Yesterday in the Daily Boris-graph, the ‘news’ paper managed to give Mr Johnson a headline on the front page and several inches of print along with his own column which the paper published on page 20 and clearly pays large sums for. The front page which appears to reprint a few words of what he wrote in the column includes the comment that the public would be “utterly infuriated” if the nation was put through the “misery and expense” of another referendum. It seems as though Boris is resonating with some of the House of Lord Tories who included Patrick Cormack an ex MP who last week stated “the referendum of June 2016 divided this country more bitterly than anything else in living memory? What is the point of exacerbating that division by having another referendum for which there is clearly no groundswell of public opinion?” and another of Boris’s colleagues and ex MP, Terence Higgins stated “My Lords, referendums are often described as democratic, but they are not what we usually mean by democratic in this country, where we have a system of representative parliamentary democracy. The effect of having a referendum is to undermine that system because it changes Members of Parliament from being representatives to delegates.”
What is crystal clear is that the referendum in 2016 which David Cameron and his team promised as part of their manifesto in the 2015 General Election was very badly handled and a carried deep mistakes on many levels and it even broke several electoral laws. It has taken 29months and 3 and half weeks since then for us to get where we are today. Yet outside of these comments the Government and people like Boris refuse to acknowledge that the referendum was a mistake and refuse to apologise for the way it was organised and the way the outcome has been handled. If these men would like to avoid a second referendum then they need to find an alternative mechanism that is capable of capturing the views of the nation so that the people who did not vote and those that did can be better understood regarding what our possible ways forward are and so that their decisions on 23rd June and current views can be consolidated in a way that will not appear to ignore that result or the last two and a half years. Many of the problems we now face is down to the lack of integrity in the Vote Leave and Vote Remain campaigns and the lack of preparation by the Government which included many people on both sides of that debate to come up with a more meaningful set of information than if we vote to leave on 23rd June 2016, that our departure will begin on 24th June 2016.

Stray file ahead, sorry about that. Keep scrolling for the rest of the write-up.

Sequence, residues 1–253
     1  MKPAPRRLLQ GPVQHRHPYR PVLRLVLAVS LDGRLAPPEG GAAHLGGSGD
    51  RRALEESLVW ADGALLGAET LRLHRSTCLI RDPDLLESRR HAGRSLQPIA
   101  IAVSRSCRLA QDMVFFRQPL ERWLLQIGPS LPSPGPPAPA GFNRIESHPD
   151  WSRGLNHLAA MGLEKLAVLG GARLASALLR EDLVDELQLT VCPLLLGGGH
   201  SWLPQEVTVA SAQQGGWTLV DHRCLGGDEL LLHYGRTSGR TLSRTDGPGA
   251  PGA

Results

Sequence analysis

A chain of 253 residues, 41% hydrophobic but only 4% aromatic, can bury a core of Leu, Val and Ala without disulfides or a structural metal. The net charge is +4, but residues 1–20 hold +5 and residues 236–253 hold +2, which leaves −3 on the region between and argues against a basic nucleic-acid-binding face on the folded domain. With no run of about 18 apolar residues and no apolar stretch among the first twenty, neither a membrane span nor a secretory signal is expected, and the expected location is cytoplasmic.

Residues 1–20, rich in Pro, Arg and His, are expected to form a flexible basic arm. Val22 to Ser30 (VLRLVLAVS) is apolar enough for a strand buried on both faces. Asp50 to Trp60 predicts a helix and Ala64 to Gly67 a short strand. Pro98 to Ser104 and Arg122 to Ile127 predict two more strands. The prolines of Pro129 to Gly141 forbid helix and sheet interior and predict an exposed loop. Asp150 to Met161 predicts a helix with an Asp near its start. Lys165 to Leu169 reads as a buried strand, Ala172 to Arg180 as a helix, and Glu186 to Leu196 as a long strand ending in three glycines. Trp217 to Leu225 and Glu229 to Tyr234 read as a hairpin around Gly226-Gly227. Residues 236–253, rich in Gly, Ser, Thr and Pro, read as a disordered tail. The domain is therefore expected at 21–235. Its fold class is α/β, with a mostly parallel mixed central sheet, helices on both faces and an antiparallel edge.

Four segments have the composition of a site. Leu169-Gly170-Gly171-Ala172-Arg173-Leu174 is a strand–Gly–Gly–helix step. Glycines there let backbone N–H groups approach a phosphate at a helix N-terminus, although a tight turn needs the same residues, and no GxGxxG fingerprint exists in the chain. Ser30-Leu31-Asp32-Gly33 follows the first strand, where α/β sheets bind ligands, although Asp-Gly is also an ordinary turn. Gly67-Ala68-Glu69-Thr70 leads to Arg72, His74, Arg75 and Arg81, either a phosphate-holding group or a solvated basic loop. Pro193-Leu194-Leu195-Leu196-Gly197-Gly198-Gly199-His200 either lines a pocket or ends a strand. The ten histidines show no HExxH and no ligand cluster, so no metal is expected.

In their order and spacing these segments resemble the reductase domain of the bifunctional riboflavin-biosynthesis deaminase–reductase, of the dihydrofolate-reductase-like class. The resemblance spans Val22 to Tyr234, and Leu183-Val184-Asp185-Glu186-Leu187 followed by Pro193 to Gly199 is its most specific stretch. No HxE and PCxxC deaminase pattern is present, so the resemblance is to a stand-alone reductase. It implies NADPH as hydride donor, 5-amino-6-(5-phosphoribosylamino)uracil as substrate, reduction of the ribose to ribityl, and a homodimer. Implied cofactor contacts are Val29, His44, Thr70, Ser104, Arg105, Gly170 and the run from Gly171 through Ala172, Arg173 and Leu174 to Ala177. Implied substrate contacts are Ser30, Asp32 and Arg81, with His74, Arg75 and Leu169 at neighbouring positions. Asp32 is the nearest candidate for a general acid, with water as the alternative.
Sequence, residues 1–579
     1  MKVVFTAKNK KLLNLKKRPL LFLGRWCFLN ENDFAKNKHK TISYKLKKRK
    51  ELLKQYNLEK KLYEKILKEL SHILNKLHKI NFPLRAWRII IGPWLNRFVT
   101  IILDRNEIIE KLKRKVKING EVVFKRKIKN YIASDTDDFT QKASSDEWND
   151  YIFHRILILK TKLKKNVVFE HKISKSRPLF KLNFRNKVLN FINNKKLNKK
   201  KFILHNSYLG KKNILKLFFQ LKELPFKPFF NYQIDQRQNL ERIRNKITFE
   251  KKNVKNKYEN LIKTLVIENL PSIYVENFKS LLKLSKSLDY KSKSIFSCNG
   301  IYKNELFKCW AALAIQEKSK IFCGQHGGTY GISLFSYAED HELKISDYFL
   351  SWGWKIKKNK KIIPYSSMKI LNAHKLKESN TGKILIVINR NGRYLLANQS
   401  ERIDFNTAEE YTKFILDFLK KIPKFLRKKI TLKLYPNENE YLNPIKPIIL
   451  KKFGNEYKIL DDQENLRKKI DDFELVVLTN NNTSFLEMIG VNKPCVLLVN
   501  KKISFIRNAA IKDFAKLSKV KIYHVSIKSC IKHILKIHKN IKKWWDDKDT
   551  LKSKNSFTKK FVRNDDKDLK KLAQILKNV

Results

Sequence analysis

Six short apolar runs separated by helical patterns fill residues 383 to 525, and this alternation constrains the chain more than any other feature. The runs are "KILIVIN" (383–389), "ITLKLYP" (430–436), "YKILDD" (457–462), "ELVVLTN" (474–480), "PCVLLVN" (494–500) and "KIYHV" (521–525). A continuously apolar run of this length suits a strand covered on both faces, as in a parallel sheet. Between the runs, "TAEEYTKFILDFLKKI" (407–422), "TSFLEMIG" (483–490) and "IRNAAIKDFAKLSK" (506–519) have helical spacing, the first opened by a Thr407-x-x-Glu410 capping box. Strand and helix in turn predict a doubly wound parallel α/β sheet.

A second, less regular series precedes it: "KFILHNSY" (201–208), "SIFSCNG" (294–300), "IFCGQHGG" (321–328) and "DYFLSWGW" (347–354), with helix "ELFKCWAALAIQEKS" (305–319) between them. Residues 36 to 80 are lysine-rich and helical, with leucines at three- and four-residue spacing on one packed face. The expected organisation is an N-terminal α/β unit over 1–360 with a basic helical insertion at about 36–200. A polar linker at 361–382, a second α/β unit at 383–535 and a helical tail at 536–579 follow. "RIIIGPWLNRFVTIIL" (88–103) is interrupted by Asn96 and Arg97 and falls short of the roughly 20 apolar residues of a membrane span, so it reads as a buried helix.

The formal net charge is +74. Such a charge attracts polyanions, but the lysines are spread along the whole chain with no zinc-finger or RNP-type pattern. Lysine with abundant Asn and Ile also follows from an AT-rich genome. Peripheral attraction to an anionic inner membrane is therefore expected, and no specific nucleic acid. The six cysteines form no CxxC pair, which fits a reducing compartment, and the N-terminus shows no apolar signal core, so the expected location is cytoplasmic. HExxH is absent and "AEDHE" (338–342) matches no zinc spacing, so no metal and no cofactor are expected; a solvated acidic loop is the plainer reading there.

Clearly there are many millions amongst the 17.4 million who voted to leave who would do so again today and every day of the rest of their lives. Their anger at being ignored which clearly has already happened because our future path is far from certain is understandable. However any new referendum needs to go much further than should there be change our relationship with the EU or should it be retained as it was on 22nd June 2016. This demands that the next vote or the next opinion gathering does not pretend that the 2016 referendum did not take place. This will also be necessary for millions who voted to remain and millions who did not vote who will feel that revisiting the same decision would be a mistake. What is vital is that we get a chance to respond to options that as of today, are not even clarified by the Government which has been holding numerous votes and debates in the last 29 months.